Postpartum Psychosis

Postpartum psychosis (puerperal psychosis or postnatal psychosis) is a serious mental illness which occurs in the days or weeks following childbirth.


What is postpartum psychosis?

Postpartum psychosis is a serious mental illness which occurs in a few women in the days or weeks following childbirth. It is extremely important to diagnose and treat it early, as it is a severe illness which puts both the mother and the new baby at risk.

It happens to about one out of every thousand women after having a baby. It is completely different to baby blues and postnatal depression. It usually starts within the first month after the baby is born.

What are the symptoms of postpartum psychosis?

“Postpartum” means “after childbirth”. “Psychosis” means you lose touch with reality in a way which causes your thoughts and actions to become bizarre and, in some cases, dangerous. When psychosis happens after having a baby, there may be a number of symptoms, such as:

  • Mood changes. Your mood may become low or excessively high. If you feel low, this may make you feel down and tearful. You may not want to do anything and you may not want to see other people. In other people with postpartum psychosis, mood may be excessively high, or “manic”. If this is the case you may feel elated, jittery, agitated, and unable to keep still or stop talking. Your mood may suddenly change between being low and being high.
  • Difficulty in concentrating or focusing. You may feel confused.
  • Trouble sleeping.
  • Paranoid thoughts. You may feel that you cannot trust family or friends, and that there is a conspiracy against you. You might feel people are going to harm you in some way, or stop you doing what you need to do.
  • Hallucinations. This means experiencing things which aren’t real. For example, you might hear voices which nobody else can hear, or see things or people nobody else can see. You may also smell or feel things which are not real.
  • Odd beliefs. You might have unusual beliefs (delusions). For example, you might think you or your baby are possessed, or particularly special in some way. You might think you have lots of money which you don’t actually have. You might develop a strong religious belief that you never had before. You might feel you have to harm yourself or your baby. You might feel you are getting messages from God, or from the radio or TV, telling you to do certain things.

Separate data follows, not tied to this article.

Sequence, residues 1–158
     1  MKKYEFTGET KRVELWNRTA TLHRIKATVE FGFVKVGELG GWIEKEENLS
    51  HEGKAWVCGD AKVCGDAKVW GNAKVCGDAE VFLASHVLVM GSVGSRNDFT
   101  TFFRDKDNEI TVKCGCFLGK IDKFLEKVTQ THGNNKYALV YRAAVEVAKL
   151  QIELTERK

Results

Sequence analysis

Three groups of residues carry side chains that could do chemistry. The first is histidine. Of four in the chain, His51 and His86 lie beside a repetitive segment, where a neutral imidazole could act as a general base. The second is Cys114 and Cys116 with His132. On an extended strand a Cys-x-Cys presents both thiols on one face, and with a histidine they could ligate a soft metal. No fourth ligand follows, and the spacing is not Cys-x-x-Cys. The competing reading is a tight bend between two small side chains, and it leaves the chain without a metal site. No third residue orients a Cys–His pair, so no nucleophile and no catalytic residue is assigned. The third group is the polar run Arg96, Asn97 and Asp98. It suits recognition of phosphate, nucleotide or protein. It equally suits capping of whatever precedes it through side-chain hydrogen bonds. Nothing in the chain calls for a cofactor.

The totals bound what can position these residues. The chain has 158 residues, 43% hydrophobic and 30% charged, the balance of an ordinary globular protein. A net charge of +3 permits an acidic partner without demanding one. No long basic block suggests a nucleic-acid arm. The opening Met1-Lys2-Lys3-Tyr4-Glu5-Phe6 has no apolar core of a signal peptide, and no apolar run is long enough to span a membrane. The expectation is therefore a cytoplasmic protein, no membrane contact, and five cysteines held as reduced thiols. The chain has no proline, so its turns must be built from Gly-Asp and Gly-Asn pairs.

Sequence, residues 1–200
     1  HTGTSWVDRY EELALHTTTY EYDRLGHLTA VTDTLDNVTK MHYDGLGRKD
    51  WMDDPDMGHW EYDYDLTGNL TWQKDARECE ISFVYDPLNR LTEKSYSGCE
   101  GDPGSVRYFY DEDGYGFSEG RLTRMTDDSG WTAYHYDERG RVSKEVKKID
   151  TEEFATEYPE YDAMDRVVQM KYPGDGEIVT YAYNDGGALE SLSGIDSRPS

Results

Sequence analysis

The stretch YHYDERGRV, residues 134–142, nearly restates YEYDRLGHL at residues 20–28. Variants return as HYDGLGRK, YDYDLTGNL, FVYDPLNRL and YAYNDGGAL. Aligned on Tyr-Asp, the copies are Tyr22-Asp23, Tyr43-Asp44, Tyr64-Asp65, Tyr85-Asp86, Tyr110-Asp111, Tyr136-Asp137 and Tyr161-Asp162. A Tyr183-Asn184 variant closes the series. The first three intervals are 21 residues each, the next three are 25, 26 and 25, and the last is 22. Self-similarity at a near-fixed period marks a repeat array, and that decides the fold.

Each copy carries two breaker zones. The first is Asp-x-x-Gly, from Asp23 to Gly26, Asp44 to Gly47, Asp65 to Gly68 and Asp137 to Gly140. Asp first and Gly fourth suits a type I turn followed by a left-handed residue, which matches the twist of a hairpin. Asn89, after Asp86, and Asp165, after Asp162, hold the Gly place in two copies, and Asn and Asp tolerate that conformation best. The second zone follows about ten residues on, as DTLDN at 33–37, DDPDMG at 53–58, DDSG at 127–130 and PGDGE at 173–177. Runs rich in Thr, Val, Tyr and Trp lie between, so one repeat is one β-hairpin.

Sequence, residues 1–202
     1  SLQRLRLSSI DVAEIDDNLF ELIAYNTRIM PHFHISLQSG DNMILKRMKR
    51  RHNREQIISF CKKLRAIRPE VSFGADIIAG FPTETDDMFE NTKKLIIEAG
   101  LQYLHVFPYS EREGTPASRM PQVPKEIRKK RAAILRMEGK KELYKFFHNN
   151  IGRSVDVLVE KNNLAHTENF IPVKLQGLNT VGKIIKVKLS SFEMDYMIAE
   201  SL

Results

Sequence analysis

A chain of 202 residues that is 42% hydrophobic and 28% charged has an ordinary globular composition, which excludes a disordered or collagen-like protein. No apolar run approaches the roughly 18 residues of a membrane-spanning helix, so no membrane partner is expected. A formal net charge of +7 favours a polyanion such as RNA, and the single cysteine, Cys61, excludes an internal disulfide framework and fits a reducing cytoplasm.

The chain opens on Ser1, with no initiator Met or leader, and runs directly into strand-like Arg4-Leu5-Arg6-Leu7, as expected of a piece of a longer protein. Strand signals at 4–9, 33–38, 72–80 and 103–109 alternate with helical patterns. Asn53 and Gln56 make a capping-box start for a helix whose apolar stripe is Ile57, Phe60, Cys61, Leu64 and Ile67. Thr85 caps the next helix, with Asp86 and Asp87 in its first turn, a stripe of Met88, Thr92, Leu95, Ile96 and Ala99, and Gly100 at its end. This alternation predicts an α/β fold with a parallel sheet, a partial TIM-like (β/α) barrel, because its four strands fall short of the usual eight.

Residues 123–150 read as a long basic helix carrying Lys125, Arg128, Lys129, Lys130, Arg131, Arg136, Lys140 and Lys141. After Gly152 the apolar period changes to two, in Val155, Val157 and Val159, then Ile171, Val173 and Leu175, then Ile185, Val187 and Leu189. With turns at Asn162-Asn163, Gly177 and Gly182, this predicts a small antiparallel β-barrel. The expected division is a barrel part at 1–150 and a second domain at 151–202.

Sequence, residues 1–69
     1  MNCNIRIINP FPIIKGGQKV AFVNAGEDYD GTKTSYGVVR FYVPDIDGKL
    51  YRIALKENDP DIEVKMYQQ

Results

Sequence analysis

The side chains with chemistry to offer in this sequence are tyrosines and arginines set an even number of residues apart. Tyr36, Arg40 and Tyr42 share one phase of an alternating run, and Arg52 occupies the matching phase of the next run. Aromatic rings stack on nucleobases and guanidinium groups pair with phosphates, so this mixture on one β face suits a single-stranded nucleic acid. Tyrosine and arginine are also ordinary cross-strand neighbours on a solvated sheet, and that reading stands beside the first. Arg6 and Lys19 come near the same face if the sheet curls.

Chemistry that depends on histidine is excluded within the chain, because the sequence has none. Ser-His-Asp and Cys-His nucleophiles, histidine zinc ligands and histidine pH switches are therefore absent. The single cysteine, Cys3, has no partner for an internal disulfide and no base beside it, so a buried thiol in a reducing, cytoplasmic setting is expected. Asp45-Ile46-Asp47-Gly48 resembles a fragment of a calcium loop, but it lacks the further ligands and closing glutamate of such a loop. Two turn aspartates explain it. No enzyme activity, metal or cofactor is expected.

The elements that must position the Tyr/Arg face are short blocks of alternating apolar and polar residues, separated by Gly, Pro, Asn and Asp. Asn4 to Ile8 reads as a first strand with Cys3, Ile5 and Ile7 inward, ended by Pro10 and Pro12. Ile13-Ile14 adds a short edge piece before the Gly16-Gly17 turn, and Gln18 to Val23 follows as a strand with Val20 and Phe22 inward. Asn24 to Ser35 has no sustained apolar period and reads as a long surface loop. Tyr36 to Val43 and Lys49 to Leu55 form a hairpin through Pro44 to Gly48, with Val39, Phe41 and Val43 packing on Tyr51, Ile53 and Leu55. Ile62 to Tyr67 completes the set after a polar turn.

• Losing normal social inhibitions. You may behave in a way which seems perfectly reasonable to you but that causes concern to everybody around you.
  • Not recognising that you are unwell and not your normal self.


What causes postpartum psychosis?

It is more likely if someone in your family has had postpartum psychosis, so your genetic makeup might be part of the reason. It could also be that hormones are involved, or the lack of sleep which tends to come with having a new baby. It could be a number of things that cause the condition when they come together.

You are more likely to develop postpartum psychosis if:

  • You have had postpartum psychosis in the past, after a previous pregnancy.
  • A close relative has had postpartum psychosis.
  • You have been diagnosed with bipolar disorder in the past.
  • You have been diagnosed with schizophrenia in the past.


How is postpartum psychosis treated?

Postpartum psychosis is regarded as an emergency, meaning it is a serious condition needing urgent treatment. If you are diagnosed with postpartum psychosis you would normally be admitted to hospital for specialist care. In the UK, ideally you would be admitted to a specialist mother and baby unit. Normally your baby would be admitted with you, and you would have help from the specialist staff on the unit with looking after your baby.

Usually medication is needed to treat postpartum psychosis. An anti-psychosis medicine is usually used. A mood-stabilising medicine may also be helpful. If you need one of these medicines and are breast-feeding your baby, your specialist will discuss options with you.

You and your baby will need plenty of support, both while you are an inpatient, and once you are discharged. In the UK, your health visitor and the community psychiatric nurse (CPN) from your mental health team will help provide all of the practical support and advice you need.

Keep in mind that if you become pregnant again in the future, you are likely to develop postpartum psychosis again.


What is the outlook?

The outlook is fortunately usually very good. As long as women with postpartum psychosis are treated early, they usually make a full recovery. Normally they return to being able to look after their family in a healthy state of mind.